His speech to parliament on the second day of the budget debate contained not one new proposal, but resounded to the tones of a single message: Kohl is in control. The Chancellor was reacting to the past two weeks of chaos, when arguments about financing German unity plunged the three-party coalition into disarray, and provoked the beginnings of an internal challenge to Mr Kohl's leadership.
'For my 10th anniversary as Chancellor next month, friends are giving me a collage of all the headlines proclaiming my fall. I shall hang it on the office wall,' Mr Kohl said. The Chancellor's speech - truculent, scornful, supremely confident - was the public expression of a brutally successful counter-attack within his own Christian Democratic (CDU) party over the previous 48 hours.
Mr Kohl has bounded off the ropes from a position where it seemed he had lost the will to fight and was watching helplessly the chaos unfurl around him while there were growing indicators that his number two, Wolfgang Scauble, was seeking a grand coalition with the opposition Social Democrats (SPD).
Deploying his noted skills as a party in-fighter, he pulled the CDU notables into line. The head of the sister Christian Social Union, Theo Waigel, lent the Chancellor full support. At a small gathering of the most powerful men in the coalition, Mr Kohl threated Mr Schauble that, if he persisted, he would be crushed at the forthcoming party congress just as the last two plotters, Heiner Geissler and Kurt Biedenkopf, were crushed at the bloody Bremen congress in 1987.
Mr Waigel made some cautionary remarks to Volker Ruhe, the ambitious Defence Minister, who was also suspected of sympathy for the grand coalition strategy.
Though designed to counter recent accusations of lack of leadership - Mr Kohl hammered repeatedly the words 'courage' and 'decisiveness' - yesterday's speech will have done little to dispel the strong doubts about the government's handling of a fast- weakening economy and the ballooning costs of unification. References in the heat of the speech to the 'difficult crisis in the east', and the need for 'large financial transfers for much longer than we expected', offered hints of what the Chancellor otherwise dared not say.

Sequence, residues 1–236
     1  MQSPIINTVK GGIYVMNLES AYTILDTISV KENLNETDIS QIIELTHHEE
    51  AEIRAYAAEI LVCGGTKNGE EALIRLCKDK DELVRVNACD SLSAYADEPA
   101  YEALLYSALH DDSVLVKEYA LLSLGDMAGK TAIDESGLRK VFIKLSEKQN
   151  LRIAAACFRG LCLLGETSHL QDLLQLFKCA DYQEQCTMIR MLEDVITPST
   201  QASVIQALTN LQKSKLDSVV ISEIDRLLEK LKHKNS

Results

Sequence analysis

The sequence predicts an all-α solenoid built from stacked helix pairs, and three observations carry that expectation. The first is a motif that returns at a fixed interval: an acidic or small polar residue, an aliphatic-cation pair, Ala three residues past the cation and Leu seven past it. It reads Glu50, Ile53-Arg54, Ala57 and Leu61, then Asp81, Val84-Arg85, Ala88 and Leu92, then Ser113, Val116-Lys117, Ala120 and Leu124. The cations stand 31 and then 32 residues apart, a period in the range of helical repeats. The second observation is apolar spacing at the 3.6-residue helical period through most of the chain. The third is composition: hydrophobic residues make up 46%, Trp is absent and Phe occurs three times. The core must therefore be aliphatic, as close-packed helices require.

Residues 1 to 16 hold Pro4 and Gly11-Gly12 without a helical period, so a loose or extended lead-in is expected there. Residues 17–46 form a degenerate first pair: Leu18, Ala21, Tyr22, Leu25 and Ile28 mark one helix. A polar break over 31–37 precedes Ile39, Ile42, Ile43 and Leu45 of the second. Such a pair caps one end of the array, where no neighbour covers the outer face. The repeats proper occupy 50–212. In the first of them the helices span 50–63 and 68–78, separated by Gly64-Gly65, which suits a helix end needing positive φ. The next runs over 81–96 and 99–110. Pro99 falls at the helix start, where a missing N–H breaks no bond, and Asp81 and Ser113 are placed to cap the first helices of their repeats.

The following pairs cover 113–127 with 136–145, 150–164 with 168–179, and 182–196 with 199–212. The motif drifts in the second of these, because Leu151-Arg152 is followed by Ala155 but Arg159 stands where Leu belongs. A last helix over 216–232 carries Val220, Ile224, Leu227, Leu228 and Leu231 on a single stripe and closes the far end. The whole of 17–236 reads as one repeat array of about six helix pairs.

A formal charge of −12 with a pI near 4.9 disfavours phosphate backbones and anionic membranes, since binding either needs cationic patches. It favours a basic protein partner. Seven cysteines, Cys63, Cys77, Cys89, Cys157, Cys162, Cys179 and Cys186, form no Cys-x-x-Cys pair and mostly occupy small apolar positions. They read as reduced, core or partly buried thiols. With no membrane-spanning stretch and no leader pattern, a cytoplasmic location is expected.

The opposition SPD leader, Bjorn Engholm, said the government 'was like a ship rolling in heavy seas without a captain'. Mr Kohl must come clean about the state of the nation's finances, if he wants the SPD's co-operation, said Mr Engholm. Instead, Mr Kohl reiterated his appeal for a 'solidarity pact', part of which would involve wage restraint by the trade unions.
But to achieve their, and the SPD's support, for such sacrifice, Mr Kohl knows he cannot avoid some form of extra tax on the better-off in the west. Furthermore, his government, despite the disclaimers, needs new sources of money to repay the massive debts mounting in the east.
According to yesterday's report from the DIW Economic Institute in Berlin, 'if one looks beyond the short-term, there is little chance of the government getting by without further increases in taxes and duties'. The report criticises the government's financial policy for 'lacking any clear line, and especially a credible assessment of the medium-term prospects'.
The controversial compulsory-investment-loan proposal is still circulating within the coalition. But it was precisely this plan, and the prospect of a U-turn on tax increases, that plunged the coalition into chaos. Mr Kohl has beaten back the rebels and has stilled the panic, but the problems remain untouched.
In the party, too, the threat is contained, but not eradicated. Never has Mr Kohl been so alone. Mr Schauble, his former right- hand man, who holds the vital position of leader of the CDU parliamentary party, has been humiliated. Another rising star, Mr Ruhe, has been cautioned.
'Beneath the Chancellor there is now a vacuum,' a senior government official says. 'If things continue as they are, the pressure could become unsustainable.' In parliament yesterday, Mr Kohl rhetorically celebrated a victory. But he is not yet out of the trenches.
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